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Can personal care products increase diabetes risk?

Can personal care products increase diabetes risk?
13th July 2012

Many women across the country will have washed with soap, put on some moisturiser, painted their nails, used hairspray and added a spritz of perfume this morning. However, these activities could be increasing their risk of diabetes.

A new study claims that chemicals known as phthalates found in personal care products puts women at a greater threat of developing diabetes.

Phthalates disrupt endocrine and are also used in adhesives, electronics, toys and other products.

Researchers from Brigham and Women's Hospital analysed urinary concentrations of phthalates in 2,350 women and found that those with higher levels of phthalates in their urine were more likely to have diabetes.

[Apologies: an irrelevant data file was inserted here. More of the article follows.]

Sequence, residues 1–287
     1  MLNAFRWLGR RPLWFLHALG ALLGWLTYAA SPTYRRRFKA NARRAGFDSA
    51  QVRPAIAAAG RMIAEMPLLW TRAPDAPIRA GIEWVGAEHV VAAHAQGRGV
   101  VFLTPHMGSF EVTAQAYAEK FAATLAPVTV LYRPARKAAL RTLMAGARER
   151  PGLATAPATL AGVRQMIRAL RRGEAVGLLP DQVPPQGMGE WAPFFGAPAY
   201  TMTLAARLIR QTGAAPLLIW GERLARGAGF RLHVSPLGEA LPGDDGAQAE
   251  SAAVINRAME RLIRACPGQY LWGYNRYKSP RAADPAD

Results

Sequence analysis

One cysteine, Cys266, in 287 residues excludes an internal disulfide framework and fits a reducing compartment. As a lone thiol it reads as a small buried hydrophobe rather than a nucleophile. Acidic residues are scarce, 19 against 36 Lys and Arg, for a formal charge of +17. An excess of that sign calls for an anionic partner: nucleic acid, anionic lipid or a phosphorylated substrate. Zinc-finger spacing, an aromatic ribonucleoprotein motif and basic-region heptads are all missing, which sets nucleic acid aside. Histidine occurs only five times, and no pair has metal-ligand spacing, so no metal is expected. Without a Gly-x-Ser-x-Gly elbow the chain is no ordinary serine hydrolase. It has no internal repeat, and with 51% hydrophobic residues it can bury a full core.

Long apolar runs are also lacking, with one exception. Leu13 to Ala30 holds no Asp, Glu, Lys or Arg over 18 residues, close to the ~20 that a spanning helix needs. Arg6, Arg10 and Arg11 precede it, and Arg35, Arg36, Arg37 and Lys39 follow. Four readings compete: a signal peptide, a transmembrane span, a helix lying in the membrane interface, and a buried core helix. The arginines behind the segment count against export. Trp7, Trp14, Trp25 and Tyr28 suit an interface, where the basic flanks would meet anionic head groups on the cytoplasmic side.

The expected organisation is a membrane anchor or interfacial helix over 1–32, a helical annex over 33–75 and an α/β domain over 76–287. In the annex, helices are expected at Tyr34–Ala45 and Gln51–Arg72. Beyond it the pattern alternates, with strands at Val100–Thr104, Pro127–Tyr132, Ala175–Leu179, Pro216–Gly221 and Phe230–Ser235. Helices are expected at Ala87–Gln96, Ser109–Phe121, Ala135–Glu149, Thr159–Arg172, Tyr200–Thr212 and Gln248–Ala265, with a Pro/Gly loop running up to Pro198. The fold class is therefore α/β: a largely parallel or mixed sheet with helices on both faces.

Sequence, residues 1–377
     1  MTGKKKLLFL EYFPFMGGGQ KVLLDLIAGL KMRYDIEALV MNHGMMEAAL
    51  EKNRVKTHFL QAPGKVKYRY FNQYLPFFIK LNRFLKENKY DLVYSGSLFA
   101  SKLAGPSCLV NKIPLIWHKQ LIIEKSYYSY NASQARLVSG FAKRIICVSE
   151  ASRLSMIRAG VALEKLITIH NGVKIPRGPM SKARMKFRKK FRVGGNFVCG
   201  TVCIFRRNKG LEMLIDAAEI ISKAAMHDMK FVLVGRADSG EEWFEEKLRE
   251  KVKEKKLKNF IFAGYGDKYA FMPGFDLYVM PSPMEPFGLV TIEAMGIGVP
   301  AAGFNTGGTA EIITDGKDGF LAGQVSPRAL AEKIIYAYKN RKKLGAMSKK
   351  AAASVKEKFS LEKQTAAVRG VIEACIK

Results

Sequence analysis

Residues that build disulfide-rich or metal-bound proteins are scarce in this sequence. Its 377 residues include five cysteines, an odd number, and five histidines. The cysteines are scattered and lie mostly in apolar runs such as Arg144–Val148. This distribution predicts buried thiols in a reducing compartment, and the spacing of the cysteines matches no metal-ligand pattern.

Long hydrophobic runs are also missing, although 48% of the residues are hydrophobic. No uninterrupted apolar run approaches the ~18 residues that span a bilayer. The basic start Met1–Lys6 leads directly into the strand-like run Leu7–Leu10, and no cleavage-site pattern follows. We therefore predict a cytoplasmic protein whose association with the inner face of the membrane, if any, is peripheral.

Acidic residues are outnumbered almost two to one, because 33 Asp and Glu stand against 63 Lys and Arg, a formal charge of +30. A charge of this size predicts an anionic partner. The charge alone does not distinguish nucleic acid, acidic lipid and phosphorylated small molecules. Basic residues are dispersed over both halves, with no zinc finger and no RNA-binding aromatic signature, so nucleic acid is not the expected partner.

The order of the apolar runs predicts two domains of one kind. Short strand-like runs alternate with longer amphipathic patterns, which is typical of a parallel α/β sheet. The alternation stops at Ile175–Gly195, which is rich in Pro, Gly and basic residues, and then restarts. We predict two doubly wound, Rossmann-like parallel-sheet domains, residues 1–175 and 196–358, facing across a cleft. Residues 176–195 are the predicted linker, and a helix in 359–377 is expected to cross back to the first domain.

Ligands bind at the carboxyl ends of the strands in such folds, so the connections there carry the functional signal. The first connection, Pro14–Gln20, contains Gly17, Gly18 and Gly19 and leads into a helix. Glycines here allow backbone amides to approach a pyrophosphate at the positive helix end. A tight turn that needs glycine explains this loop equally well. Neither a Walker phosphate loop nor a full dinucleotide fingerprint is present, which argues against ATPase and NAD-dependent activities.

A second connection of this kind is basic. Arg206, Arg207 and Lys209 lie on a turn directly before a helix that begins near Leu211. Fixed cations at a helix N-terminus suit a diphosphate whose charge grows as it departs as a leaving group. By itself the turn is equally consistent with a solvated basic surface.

It was also found that women who had the highest levels of mono-benzyl phthalate and mono-isobutyl phthalate had almost twice the risk of diabetes.

Dr Tamarra James-Todd, lead researcher on the study, commented: "We know that in addition to being present in personal care products, phthalates also exist in certain types of medical devices and medication that is used to treat diabetes and this could also explain the higher level of phthalates in diabetic women."

Exposure to phthalates is also believed to a cause of eczema in children, according to research conducted at the Columbia Center for Children's Environmental Health at the Mailman School of Public Health.

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